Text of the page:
(nautical) The traditional hail of the lookout in a whaler (whaling ship) when sighting the spouting water thrown up by a whale surfacing.
If I had been a whaler rather a genealogist, first I would be seasick, then I would be saying There She Blows! Genealogy is about sailing on the surface of a vast underworld of ancestors. That these ancestors exist(ed) below the surface is not a question. The question is where to look for them, and how and when we might encounter them. As we start this new decade of 2020, the answer to the question is Maybe Here, Maybe Now. There She Blows.
And when I say We in my blog posts, I am always referring to collaboration, either in the exploration for, the discovery of, and/or the analysis of genealogical evidence. My most recent collaborator has been one Doug Hart. His research into the Gillespie's of early Ulster/Orange (& surrounding areas) spans decades, and his documentation of it has resulted in a Compendium that he generated with a Typewriter (!) in the 1990s. A Compendium sounds a bit like my rookie attempt to catalog some NY Gillespie's in 2012. Compendium, Catalog. Catalog, Compendium. OK, a Compendium sounds more complete and it is. Doug deserves alot of credit for tracing and studying several NY Gillespie family groups, though long and tedious a task, with the belief that doing so could allow the story of previously obscured Gillespie's to surface. That I generally share this research approach with Doug and that we both seem committed to ongoing discussions of possibility and meaning with regard to Gillespie evidence, both old and new, surely makes us collaborators and me grateful.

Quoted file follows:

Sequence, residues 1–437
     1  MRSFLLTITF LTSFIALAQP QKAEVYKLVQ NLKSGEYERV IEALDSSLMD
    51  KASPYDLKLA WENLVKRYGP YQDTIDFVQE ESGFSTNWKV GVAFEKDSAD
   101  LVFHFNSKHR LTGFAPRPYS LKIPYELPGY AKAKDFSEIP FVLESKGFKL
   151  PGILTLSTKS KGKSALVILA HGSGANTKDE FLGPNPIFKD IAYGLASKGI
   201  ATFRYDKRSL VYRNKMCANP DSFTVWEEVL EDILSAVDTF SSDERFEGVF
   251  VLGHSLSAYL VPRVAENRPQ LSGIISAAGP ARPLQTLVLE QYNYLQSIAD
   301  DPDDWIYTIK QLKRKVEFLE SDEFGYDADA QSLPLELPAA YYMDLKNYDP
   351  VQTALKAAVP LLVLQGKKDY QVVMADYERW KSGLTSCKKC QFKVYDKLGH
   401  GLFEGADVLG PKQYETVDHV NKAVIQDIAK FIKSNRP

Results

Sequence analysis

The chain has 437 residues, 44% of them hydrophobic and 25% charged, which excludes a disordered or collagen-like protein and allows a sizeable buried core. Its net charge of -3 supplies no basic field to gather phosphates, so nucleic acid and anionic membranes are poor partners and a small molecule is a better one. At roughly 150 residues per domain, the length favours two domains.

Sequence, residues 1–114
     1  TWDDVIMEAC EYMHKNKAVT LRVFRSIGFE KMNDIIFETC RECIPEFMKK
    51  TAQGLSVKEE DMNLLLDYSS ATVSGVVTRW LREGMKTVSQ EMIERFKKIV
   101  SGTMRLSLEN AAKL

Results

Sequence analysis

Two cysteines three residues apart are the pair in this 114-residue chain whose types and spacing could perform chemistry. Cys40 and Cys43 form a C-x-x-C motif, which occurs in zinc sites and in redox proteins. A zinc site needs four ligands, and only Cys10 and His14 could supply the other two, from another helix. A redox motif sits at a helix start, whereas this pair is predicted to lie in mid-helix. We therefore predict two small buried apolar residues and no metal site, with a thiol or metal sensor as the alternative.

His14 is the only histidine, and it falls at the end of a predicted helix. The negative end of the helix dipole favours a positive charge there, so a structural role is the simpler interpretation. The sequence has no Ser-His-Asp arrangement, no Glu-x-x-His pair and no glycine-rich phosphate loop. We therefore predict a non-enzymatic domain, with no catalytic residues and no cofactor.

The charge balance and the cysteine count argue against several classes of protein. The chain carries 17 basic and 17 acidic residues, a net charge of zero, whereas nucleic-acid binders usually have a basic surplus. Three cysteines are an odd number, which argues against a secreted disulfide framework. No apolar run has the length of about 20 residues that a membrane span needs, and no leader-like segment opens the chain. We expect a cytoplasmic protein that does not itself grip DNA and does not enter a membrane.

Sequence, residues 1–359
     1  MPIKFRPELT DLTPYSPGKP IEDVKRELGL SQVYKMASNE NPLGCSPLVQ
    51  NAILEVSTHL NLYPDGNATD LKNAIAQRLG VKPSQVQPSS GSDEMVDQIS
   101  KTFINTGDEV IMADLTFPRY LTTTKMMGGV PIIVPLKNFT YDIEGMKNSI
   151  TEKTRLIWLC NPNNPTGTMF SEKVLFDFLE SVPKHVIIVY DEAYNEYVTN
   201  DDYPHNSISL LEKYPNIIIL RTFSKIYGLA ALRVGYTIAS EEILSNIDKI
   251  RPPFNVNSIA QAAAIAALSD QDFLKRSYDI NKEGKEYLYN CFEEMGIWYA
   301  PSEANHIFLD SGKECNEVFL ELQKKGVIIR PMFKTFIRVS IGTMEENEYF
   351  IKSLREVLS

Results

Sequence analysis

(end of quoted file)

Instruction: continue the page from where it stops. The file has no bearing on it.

All of which is a long introduction to reporting on Doug's recent discoveries of new evidence to add to our NY Gillespie research bucket. Here is a summary:
- A 1770 deed of James Gillespy selling 129 acres of his land in Shawangunk to Matthew Beviers Jr. This document, a transcription, is one that Doug found long ago in his research, but which, at the time, could not be more fully understood. The transcription of the original deed is in itself an exquisite piece of work, giving clarity to the original language of the deed which not only mentions the names of James' wife, and also those of James' parents and when they might have died, but it also describes the exact property later sold in 1797 by William Gillespy Jr and his wife Martha to Matthew Gillespie previously of NYC and more recently of Montgomery. We are in the process of locating the original deed, which when located, will be a wonder to behold, I have no doubt.
- A database of Colden Store records where many Gillespie's are mentioned, some mentioning genealogical relationship, and some involving names that imply closer relationship (neighbor, and/or in-law?) -- specifically Hunter and Kain, and more indirectly, Graham.
- A transcription of marriage records of the First Presbyterian Church of Troy showing three Gillespie marriages. The marriage catching our attention now is that of Andrew Graham and Jane Gillespie, married in 1797 in Lansingburgh, a place central to our current research exploring links between Ulster and Rensselaer Gillespie's.